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The Journal of the Lincoln Heights Literary Society
Miscellanea and Ephemeron

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07/23/2004 Archived Entry: "Book review: "Deficiency""

By Andrew Neiderman
This edition: Mass Market Paperback
Pub. Date: 08/2004
ISBN: 0743483219
List Price: $7.99

Reviewed by Jessica Groper

This review contains details of plot and character; please proceed at your own risk. Thank you.

In 1997, Andrew Neiderman hit the jackpot when his book The Devil's Advocate was made into a movie starring Keanu Reeves and Al Pacino. His newest book is called Deficiency, and I couldn't help thinking that Neiderman wrote this book with the hopes that it would also make the transition from page to screen. Deficiency tells the story of a young doctor, Terri, who finds herself in the middle of a mysterious rash of unexplainable deaths. Only just established in her own practice, Terri finds herself trying to treat patients who are dying of severe vitamin deficiencies. A young woman who was healthy and active in the morning shows up in the E.R. with an extreme case of scurvy that turns fatal before her complete lack of vitamin C can be corrected. Terri is confused and alarmed as similar deaths occur in her small upstate New York town. With no medical explanation for how these deaths could have been caused, Terri can't help questioning her own skills as a doctor. Meanwhile, the perpetrator of these attacks settles into the sleepy town to enjoy the easy pickings. His victims are all women that he lured with his extraordinary good looks and his almost hypnotic charm. The manner in which this character sucks the life out of his victims is never completely explained, but it involves supernatural sex. After each supernatural sexual encounter, the unnamed character revels in his godlike appearance and strength. But as his periods of weakness grow closer together and more frequent, he begins to question his existence. He does not know where he comes from or how he came to be. He has trouble remembering events in the recent past and yet, a nagging feeling tells him that he is being pursued and must continue moving. It turns out one of his pursuers is the FBI, and as Terri gets drawn further into the case she learns about the mystery man in her community. Is he responsible for these deaths? How does he commit them? Is he schizophrenic; alternately committing the crimes and then trying to solve them?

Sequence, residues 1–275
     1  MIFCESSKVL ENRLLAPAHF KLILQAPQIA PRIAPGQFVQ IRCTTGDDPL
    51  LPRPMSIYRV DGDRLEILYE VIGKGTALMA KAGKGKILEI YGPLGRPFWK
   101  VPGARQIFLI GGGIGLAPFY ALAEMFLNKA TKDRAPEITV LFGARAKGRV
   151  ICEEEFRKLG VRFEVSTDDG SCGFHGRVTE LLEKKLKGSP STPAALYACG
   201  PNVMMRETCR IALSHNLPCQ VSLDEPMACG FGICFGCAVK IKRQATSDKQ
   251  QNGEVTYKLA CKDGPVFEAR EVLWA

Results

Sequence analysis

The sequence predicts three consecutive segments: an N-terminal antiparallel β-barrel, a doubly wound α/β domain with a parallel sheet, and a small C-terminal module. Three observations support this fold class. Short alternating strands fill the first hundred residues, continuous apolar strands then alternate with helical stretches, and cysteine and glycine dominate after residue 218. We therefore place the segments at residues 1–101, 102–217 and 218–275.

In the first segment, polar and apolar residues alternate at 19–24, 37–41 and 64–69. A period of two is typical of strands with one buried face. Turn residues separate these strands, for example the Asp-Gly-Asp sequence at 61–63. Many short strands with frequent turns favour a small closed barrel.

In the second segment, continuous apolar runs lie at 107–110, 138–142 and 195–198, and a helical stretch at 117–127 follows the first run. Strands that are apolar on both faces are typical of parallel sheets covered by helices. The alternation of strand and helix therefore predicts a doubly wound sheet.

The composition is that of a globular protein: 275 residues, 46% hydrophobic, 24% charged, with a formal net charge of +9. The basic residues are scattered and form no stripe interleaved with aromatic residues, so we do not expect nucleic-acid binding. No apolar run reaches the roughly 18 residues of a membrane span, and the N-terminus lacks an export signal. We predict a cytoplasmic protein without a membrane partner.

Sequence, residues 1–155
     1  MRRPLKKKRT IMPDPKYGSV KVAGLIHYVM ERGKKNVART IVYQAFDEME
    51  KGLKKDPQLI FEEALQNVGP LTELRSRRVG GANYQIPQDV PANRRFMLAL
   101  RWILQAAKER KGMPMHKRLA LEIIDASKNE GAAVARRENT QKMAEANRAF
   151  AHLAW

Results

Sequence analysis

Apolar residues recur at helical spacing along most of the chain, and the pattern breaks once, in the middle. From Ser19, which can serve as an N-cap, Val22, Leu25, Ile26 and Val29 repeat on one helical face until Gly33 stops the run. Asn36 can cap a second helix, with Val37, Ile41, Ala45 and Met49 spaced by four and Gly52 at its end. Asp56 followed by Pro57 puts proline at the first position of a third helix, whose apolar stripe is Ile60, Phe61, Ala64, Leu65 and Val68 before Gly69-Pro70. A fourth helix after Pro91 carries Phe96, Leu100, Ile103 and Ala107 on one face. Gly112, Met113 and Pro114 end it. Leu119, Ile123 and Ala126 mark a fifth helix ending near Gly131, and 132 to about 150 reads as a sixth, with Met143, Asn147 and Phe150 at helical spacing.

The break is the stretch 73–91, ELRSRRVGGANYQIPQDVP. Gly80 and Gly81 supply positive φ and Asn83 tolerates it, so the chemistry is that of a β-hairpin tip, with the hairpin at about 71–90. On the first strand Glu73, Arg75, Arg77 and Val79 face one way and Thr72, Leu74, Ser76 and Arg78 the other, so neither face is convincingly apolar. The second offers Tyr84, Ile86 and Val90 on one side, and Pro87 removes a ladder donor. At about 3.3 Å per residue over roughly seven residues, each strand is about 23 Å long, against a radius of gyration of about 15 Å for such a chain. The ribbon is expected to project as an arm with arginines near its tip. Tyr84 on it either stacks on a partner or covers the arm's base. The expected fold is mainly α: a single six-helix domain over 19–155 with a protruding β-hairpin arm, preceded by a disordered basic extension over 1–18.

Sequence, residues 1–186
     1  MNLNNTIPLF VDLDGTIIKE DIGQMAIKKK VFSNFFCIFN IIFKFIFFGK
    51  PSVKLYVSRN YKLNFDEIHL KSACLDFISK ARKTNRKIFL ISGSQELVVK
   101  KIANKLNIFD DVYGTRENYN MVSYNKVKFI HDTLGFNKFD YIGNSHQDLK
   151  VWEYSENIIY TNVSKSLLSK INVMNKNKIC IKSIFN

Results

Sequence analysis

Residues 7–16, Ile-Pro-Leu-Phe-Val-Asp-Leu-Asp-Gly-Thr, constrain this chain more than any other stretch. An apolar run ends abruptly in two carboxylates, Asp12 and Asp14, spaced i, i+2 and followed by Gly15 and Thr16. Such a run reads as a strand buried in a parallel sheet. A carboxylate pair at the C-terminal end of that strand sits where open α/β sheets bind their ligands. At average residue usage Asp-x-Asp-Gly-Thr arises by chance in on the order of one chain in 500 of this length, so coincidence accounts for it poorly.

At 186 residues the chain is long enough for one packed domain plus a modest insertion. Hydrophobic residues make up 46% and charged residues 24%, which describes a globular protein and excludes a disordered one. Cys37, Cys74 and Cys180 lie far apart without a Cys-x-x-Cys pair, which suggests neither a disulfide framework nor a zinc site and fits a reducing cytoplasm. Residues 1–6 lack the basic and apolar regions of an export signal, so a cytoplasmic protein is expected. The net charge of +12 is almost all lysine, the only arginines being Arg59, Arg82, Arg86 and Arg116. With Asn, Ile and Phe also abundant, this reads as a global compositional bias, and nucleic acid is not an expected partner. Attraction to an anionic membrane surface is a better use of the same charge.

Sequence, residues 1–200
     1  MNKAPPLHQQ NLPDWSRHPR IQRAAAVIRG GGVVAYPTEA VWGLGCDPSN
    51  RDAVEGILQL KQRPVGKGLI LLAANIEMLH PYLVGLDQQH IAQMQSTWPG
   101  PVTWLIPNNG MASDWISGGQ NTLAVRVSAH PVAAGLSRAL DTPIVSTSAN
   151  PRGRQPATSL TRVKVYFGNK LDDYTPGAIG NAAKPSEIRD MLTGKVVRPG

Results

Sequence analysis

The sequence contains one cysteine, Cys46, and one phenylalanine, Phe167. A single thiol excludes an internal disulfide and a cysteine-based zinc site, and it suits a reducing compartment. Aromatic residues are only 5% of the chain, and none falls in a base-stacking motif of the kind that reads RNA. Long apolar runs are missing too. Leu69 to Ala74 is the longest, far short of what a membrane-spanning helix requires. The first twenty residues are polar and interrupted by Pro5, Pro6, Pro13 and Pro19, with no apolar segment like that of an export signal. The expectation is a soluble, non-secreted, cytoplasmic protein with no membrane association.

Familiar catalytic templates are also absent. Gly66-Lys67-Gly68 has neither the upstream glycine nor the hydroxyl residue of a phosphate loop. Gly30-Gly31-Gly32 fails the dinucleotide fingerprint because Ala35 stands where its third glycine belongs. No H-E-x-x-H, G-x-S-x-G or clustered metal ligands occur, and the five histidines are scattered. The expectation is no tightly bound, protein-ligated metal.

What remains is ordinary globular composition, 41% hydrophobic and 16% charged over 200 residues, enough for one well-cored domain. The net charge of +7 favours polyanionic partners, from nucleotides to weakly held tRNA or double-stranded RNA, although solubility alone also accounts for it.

This book could easily find its way into your local Cineplex, so much about it is visual. The chiseled perfection of the killer's face and physique, the passionate sex scenes that turn into murders are very Basic Instinct, and scenes late into the book involve mistaken identity and the confusion of two identical men (hint: there's cloning involved). One climactic scene involves a man and his clone confronting each other and then fighting to the death. This is a moment that has little to no impact on the page since the readers has to imagine the mirror images savagely attacking and clinging to each other. But, it could be made very dramatic on screen where the audience wouldn't be able to tell which man survived until an essential clue was revealed. Unfortunately, the story told in this book is not very compelling. There's sex, murder, mystery, covert government funding of bad science, danger, and romance; but none of it really grabs your attention. Terri's lawyer fiancÚ is so unsympathetic that I kept hoping the murderer would change his modus operandi and kill a man for once. Terri's medical knowledge allows Neiderman to display all the research he did on diseases caused by medical deficiencies; but the passages detailing these diseases and their cures are way too long and unnecessary. But, considering the pomp with which this book is being presented to the world, the publishers went so far as to offer me an interview with Neiderman, there are definitely hopes riding on this book. And who knows, maybe what didn't make a good book will make a good movie. It just seems a shame that Neiderman couldn't skip the middle step and go straight to writing screenplays.

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